Cornelius Van Til: An Analysis of his Thought

W. Gary Crampton

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It must be said of John Frame, Professor of Apologetics and Systematic Theology at Westminster Theological Seminary (Escondido, California), that he is a very brave man, a hearty soul. In his latest book, Cornelius Van Til: An Analysis of His Thought,1 presented in celebration of Van Til’s one hundredth birthday, Professor Frame, as the title suggests, attempts to codify the thoughts of his mentor. Earlier writings from the Trinity Foundation have pointed out not only the eclectic concepts of Frame,2 but also the paradoxical thoughts of Van Til3-writings that indicate that the professor’s task is not possible. Undaunted, Frame has written some 400-plus pages in which he, to quote the back cover of this volume, “combines deep appreciation with incisive critical analysis of the renowned Westminster apologist’s ideas.”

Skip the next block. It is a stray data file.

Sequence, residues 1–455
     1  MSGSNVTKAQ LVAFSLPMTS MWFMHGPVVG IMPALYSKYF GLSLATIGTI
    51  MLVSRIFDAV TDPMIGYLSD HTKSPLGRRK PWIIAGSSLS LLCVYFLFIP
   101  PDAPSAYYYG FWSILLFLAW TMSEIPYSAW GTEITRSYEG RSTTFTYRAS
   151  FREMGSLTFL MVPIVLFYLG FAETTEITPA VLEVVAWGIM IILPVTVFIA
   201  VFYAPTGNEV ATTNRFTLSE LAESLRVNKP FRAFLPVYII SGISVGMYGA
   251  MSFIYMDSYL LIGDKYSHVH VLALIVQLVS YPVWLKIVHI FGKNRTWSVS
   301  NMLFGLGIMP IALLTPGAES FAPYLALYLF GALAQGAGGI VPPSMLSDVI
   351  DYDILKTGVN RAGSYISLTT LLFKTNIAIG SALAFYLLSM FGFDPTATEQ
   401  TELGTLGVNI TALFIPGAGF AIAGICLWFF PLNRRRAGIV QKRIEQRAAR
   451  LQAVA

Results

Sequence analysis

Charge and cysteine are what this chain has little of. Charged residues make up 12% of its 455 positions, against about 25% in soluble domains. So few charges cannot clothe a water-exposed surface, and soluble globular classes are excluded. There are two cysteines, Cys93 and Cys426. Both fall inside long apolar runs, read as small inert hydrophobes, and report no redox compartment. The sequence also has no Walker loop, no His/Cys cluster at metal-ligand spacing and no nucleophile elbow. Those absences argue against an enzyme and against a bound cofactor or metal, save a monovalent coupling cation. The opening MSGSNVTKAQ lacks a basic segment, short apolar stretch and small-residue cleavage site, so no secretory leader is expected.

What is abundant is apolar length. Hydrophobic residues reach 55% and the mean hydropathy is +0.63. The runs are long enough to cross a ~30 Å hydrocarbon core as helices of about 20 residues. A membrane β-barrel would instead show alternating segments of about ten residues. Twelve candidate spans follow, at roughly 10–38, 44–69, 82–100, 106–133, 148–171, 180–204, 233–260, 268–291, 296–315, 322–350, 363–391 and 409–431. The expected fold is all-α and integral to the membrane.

The book is divided into six major parts, followed by two appendices (Appendix A is a reprint of Frame’s review of Classical Apologetics, authored by Sproul, Gerstner, and Lindsley; Appendix B is an article by Edmund Clowney on Van Til’s preaching). Part One has to do with “Introductory Considerations.” Here the author names some scholars who sympathize with Dr. Van Til and others who don’t (“debunkers”), speaks about his method of analyzing Van Til , presents a warm and abbreviated history of “Van Til’s life and character,” and gives us his opinion regarding his mentor’s “place in history.” He concludes that although Herman Dooye-weerd and Gordon Clark were great Christian thinkers, Van Til is superior. In fact, says Frame, even though Van Til is not the most comprehensive, clearest, or influential thinker of our time, he is “perhaps the most important Christian thinker since [John] Calvin” (44). In this review, we will see if this superlative is justified.